This seems good so far. To get a price, you can call get_average_fruit_price(“peach”, “Albania”, 2007). But what if we want to narrow the price further by adding an option to only count fruit sold industrially (for example, to juice companies)?

No problem! We can just add a new boolean parameter, function get_average_fruit_price(fruit, country, year, sold_to_industry). But remember, we’ll need to pass in the arguments in the right order, and that’s an easy thing to mess up. We’ll need to check the function definition every time we want to call it! If you mess up and write get_average_fruit_price(“peach”, 2007, “Albania”, false), year is now “Albania”!

A good general rule is to keep your input count to two to three at the most. This way, developers building on top of your code don’t have to constantly check for the correct orders, and are less likely to make mistakes.

There are two ways to improve a function that takes too many inputs:

  1. Break it up into smaller functions. Too many parameters could be an indicator that your function is doing too much.
  2. Use an options object. If you can pass the parameters in an object (called a hash or a dictionary in some languages), you don’t have to worry about property order. This object is often called options and referred to an “options object.” The downside to this approach is that it’s less explicit about the expected parameters. Here’s how this looks in practice:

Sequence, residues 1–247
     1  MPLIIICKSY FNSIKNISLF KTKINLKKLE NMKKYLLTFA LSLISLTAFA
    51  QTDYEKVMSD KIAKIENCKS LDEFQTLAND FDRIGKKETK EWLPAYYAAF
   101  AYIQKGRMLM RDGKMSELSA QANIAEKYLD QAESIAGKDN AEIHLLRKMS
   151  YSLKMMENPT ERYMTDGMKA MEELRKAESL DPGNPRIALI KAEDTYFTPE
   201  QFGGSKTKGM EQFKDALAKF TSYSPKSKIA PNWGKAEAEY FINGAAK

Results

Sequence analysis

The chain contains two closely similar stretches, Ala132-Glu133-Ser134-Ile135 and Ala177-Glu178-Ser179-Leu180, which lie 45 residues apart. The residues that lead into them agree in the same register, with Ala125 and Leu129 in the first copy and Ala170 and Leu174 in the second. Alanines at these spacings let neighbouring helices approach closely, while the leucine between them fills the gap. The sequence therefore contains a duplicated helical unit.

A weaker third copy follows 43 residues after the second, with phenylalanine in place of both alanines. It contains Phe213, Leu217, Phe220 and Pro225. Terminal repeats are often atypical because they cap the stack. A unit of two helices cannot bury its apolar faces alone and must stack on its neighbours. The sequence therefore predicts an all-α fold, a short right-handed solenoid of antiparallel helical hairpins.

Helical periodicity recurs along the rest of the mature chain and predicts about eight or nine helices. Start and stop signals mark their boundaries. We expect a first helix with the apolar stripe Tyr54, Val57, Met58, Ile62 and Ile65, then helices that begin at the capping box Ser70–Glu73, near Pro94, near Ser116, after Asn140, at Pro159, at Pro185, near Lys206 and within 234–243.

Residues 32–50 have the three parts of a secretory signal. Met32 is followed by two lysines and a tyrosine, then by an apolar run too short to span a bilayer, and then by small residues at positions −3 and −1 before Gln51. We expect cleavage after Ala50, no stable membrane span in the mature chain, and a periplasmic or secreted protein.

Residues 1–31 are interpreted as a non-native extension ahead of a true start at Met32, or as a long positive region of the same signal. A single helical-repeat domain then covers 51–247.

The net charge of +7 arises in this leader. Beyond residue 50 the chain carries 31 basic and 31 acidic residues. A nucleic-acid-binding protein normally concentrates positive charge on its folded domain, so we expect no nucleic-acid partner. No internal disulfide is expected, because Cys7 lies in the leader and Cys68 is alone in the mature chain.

function get_average_fruit_price(options) {
    // use options.fruit, options.country, options.year, options.sold_to_industry

6. Write good comments

There are a lot of great, thorough rules around code comments, but we’ll focus on the low-hanging fruit…

Use comments sparingly to explain code that’s not otherwise clear. If you can improve the code instead, do that! Here’s an example of a bad comment covering up for unclear code:

 int f = 75; // f is the temperature in Fahrenheit

Let the code speak for itself by renaming f to temp_in_farenheit!

You won’t always have time to improve the hard-to-comprehend code you see. You might also write code you’re not thrilled with due to time constraints. Consider whether the code will need to be “touched” (read or modified) by someone else. Be honest — you don’t want to pass on code that’s hard to maintain!

If the code isn’t likely to be modified by anyone else, you can leave a comment explaining what a particularly challenging bit of code does. Ideally, your function and variable names should already do this. But when the functions contain logic that’s hard to comprehend and the function name doesn’t help, leave a comment!

7. Don’t repeat yourself

The DRY principle stands for “don’t repeat yourself.” If you find yourself using the same code in multiple places, see if you can pull it out into a variable or a function.

string company_description = “Fruit Trucking & Shipping International ships fruit on our modern fleet of trucks and ships, anywhere in the world!”